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  • Writer's pictureKyle Frost

What’s so bad about commissions anyway?

If you ever chat to me about financial advice you’ll quickly realise I’m super passionate that financial advice should be independent and to be independent you can’t accept and keep commissions.

So what are commissions?

In the context of financial advice, commissions are payments to an adviser from a product provider (e.g. insurance company) for putting a client into a product that is based on a percentage.

A number of years ago such payments were banned on investment and super products which was a positive consumer outcome (although percentage based ongoing adviser fees remain, ahh another day!).

So if you go to your average financial adviser who recommends life insurance you might not “pay” for any advice or service directly rather you will pay higher premiums (around 43% higher in most instances) and the adviser will receive a commission of 88% of premiums upfront and then 22% every year. Insurance is valuable but isn’t cheap so if you have annual premiums of $1,000, the adviser will receive $880 upfront and then $220 every year for as long as the policy remains (often a long time). If this same cover was taken out through an independent adviser where you pay a fee, the premium for the same product would likely be closer to $700.

So why are they bad?

Firstly, like most things in life there’s no free lunch so although going to an adviser who receives commissions may seem cheap, you’re likely paying for it in some form (higher premiums) over the long run.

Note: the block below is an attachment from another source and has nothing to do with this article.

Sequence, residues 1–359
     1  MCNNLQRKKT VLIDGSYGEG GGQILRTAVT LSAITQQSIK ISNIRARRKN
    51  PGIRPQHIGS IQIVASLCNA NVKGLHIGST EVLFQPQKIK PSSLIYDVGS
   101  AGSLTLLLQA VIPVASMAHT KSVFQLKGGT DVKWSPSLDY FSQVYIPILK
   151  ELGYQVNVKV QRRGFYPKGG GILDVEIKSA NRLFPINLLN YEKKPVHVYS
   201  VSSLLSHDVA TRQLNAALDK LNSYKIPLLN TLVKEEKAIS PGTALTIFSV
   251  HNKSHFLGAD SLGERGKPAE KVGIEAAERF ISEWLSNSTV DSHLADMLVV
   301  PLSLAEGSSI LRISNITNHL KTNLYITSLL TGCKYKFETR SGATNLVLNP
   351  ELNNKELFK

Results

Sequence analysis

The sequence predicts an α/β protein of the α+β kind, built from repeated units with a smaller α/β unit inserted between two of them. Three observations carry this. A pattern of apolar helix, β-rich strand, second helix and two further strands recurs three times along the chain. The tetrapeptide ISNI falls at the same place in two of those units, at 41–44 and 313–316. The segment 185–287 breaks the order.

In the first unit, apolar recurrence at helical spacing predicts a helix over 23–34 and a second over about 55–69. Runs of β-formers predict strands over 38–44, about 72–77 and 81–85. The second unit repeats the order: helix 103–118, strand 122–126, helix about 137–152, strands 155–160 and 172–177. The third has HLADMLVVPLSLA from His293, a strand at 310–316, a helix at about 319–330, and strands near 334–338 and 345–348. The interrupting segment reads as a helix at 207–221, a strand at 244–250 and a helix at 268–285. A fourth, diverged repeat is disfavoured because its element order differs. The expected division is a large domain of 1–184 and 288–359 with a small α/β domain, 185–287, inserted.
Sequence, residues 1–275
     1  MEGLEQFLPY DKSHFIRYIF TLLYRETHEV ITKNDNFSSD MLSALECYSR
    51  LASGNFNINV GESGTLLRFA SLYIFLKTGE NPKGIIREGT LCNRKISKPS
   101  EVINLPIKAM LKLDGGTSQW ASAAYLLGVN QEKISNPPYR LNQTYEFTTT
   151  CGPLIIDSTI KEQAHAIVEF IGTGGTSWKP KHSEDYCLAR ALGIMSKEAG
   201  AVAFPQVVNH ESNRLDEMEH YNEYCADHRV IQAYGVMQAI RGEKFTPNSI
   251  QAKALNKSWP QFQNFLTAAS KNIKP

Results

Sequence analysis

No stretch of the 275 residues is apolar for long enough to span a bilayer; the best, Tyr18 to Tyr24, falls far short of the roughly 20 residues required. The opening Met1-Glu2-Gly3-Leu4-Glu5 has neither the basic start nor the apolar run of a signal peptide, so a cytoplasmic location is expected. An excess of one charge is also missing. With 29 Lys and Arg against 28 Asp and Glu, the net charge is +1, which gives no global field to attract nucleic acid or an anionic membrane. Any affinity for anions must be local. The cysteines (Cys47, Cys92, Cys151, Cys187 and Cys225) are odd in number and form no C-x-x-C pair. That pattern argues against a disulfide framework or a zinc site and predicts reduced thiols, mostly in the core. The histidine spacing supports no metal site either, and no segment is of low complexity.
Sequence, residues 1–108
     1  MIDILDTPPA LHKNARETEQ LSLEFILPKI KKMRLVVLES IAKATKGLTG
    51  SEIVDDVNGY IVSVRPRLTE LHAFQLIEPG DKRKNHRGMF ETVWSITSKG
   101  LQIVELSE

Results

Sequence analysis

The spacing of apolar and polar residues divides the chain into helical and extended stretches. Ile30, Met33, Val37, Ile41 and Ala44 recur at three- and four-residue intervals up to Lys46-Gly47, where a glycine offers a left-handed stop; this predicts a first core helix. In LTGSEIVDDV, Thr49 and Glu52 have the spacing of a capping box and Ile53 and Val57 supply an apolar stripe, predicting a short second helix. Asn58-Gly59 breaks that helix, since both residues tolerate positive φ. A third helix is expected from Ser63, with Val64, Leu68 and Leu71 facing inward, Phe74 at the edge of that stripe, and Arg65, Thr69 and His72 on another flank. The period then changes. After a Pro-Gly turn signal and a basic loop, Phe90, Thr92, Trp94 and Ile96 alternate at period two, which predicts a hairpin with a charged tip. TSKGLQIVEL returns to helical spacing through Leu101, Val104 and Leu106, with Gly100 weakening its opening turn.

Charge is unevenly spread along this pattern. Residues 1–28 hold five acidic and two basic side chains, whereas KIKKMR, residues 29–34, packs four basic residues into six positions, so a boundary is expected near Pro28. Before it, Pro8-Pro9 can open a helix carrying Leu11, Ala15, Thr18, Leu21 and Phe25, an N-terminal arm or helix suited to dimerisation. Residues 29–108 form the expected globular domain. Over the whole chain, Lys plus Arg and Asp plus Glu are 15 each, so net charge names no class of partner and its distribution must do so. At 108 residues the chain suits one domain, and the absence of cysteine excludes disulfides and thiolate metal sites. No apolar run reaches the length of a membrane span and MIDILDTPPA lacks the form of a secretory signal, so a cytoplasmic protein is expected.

Secondly and I’d say most importantly is these commissions create a conflict of interest as the adviser gets paid more by recommending a higher level of cover that may not be appropriate (resulting in again higher premiums) or recommending a more expensive product or not considering a product as not all insurance options pay commissions (e.g. most insurance within super) amongst other conflicts.

I accept commissions are a part of capitalism and our society and believe it or not I don’t seek out an independent car salesman when I buy a car to make sure he doesn’t get paid more by selling me a more expensive car but I see the issue with advice and commissions is that the adviser is essentially the doctor advising on insurance level and products (writing a prescription) as well as the pharmacist profiting from the sale of product.

When I go to a doctor and she/he writes me a prescription I don’t think “wait a minute, they’re directly profiting from this prescription when a couple of days rest may well be the best treatment”. If there was a commercial relationship between the two, I no doubt would and there’s a clear separation there for a very good reason. The financial advice industry just hasn’t figured it out yet.

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